One of the most appealing aspects of underwater data centers is their proximity to large population centers. Around half of the world’s population lives within 125 miles of a coastal area. Situating data centers near coastal population centers would allow for lower latency and more efficient handling of data. This would increase speeds for various digital services. Perhaps counterintuitively, the servers themselves might also benefit from being dropped in the drink. The inert gases and liquids used to fill underwater data centers are less corrosive than ambient air, leading to longer lifespans for the equipment. The servers are also protected from possible human damage incurred by everyday movement -- people banging into them, dropping them, or accidentally unplugging them. Placing a data center pod or retrieving it for maintenance is fairly simple, according to Subsea Cloud’s Williams. “Let's say the water is 100 meters deep. It's just an hour an hour job. If it’s 3,000 meters deep, it will probably take five or six hours to get the pod down.”

What you don’t know about data management could kill your business

Contributing to the general lack of data about data is complexity. There are many places in the enterprise where data spend happens. Individual business units buy data from third parties, for example. Taking enterprise-wide inventory of all the data feeds being purchased and getting an accurate picture of how all that purchased data is being put to use would be a good first step. The reality is that a significant portion of the data sloshing about modern enterprises is replicated in multiple locations, poorly classified, idiosyncratically defined, locked in closed platforms, and trapped in local business processes. Data needs to be made more liquid in the way of an asset portfolio — that is, transformed to ease data asset reuse and recombination. ... Traditionally business schools have avoided data as a topic, pumping out business leaders who erroneously feel that data is someone else’s job. I recall the mean-spirited dig at early career Harvard Business School alums expecting their assistants to bring in the day’s work arrayed as a case study — that is, a crisp 20-page synopsis of all the relevant issues.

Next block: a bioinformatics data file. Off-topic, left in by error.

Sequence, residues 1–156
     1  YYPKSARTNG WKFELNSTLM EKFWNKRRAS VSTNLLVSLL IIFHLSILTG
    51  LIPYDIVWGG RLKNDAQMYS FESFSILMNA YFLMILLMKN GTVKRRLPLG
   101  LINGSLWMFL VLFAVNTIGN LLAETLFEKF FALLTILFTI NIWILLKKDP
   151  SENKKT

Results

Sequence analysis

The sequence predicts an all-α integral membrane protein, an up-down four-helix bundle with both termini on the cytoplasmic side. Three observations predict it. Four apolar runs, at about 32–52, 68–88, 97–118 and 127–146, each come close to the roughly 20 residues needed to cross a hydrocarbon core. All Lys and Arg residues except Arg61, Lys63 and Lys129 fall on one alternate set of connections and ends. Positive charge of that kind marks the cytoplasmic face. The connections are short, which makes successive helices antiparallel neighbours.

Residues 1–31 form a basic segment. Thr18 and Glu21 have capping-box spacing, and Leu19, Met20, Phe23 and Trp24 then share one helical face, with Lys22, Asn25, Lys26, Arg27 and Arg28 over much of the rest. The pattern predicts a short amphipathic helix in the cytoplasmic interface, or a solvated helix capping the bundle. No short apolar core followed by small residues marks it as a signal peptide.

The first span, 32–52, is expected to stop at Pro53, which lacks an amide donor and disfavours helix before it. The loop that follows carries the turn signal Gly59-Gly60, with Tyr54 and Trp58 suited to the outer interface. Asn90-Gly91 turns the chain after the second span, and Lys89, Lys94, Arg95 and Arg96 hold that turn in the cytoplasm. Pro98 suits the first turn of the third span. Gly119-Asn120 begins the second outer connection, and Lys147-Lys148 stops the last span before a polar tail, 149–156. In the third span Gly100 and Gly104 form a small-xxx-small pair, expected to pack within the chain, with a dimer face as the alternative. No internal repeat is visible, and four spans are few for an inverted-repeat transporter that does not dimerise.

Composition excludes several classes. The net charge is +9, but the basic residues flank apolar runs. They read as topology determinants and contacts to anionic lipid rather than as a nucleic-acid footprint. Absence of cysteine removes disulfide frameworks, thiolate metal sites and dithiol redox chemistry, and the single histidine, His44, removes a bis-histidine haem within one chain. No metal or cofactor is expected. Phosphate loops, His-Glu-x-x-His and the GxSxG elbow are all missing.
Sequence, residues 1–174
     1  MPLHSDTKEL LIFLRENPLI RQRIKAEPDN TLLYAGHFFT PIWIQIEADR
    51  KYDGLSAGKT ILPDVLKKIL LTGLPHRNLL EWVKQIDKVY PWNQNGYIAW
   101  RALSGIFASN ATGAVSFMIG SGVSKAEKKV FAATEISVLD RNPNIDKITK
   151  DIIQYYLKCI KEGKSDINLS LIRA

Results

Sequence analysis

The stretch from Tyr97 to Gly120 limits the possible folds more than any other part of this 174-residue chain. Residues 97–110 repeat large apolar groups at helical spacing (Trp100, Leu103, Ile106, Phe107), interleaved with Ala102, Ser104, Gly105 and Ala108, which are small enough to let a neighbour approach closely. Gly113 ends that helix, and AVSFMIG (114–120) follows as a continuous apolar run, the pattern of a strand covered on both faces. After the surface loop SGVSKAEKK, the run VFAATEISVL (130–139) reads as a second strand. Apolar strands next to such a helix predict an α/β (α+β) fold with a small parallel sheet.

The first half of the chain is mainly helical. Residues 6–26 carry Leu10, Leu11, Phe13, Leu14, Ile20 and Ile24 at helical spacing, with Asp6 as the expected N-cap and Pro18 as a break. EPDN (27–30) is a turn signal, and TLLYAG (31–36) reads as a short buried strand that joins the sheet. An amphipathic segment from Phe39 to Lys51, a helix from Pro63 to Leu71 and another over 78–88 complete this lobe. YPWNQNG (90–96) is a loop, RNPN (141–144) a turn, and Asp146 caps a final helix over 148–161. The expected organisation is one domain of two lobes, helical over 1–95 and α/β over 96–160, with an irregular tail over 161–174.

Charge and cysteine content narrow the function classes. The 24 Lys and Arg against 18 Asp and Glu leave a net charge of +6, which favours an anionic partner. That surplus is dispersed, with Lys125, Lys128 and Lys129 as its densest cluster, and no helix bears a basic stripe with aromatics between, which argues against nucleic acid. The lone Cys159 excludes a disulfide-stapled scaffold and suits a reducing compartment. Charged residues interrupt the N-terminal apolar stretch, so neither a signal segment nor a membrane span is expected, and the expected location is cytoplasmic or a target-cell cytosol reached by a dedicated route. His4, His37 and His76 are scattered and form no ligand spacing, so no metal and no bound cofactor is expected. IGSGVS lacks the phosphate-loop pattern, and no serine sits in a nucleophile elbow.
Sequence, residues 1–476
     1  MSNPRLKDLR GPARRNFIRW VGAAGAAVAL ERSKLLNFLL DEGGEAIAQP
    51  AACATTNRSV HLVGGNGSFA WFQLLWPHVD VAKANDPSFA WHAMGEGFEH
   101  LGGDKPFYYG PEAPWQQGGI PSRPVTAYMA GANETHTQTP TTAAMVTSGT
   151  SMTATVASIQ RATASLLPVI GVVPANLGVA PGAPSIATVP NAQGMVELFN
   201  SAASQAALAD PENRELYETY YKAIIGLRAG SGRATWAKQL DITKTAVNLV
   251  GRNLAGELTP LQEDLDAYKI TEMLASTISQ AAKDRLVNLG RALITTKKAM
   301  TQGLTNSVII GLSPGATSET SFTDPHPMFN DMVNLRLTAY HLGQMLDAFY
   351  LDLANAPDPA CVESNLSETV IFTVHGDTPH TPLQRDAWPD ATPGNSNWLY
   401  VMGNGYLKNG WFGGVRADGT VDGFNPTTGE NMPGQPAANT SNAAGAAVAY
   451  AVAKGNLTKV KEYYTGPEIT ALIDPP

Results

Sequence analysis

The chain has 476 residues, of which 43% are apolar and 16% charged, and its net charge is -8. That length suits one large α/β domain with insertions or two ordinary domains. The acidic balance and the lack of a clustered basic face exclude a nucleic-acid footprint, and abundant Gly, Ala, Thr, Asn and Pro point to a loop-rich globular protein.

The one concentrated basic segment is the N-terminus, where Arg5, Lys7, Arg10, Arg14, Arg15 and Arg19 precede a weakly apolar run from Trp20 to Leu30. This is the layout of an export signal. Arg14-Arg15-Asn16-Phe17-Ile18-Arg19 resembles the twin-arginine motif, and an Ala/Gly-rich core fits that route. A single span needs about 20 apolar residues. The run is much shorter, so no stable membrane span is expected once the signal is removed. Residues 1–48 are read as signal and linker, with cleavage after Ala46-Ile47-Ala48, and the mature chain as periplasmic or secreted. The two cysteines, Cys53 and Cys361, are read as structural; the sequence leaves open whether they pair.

Stop panic buying your security products and start prioritizing

Look inward and optimize. Companies need to understand what inside their networks and data is most attractive and most vulnerable to attackers. Get visibility into what you have, calculate the value of your tools, and use the information to move forward. Understanding risk by gaining full visibility into what you already have can allow companies to communicate better with investors and the public in the case of an attack or breach. For example, they will be able to give clear information about the impact (or lack of impact) on the business when an attack occurs and lay out clear steps for remediation, not having to guess the next best course of action. ... It is important to remember that the goal is not to buy more tools to chase the growing number of vulnerabilities that experts find every day, but to protect the assets that are most relevant to overall vital business operations and limit the fallout of inevitable cyber incidents. By attaching a dollar value to the cyber risks the organization is up against, you will be in a much better position to discuss your security plan and budgetary needs.

US, UK Cyber Agencies Spearhead Global AI Security Guidance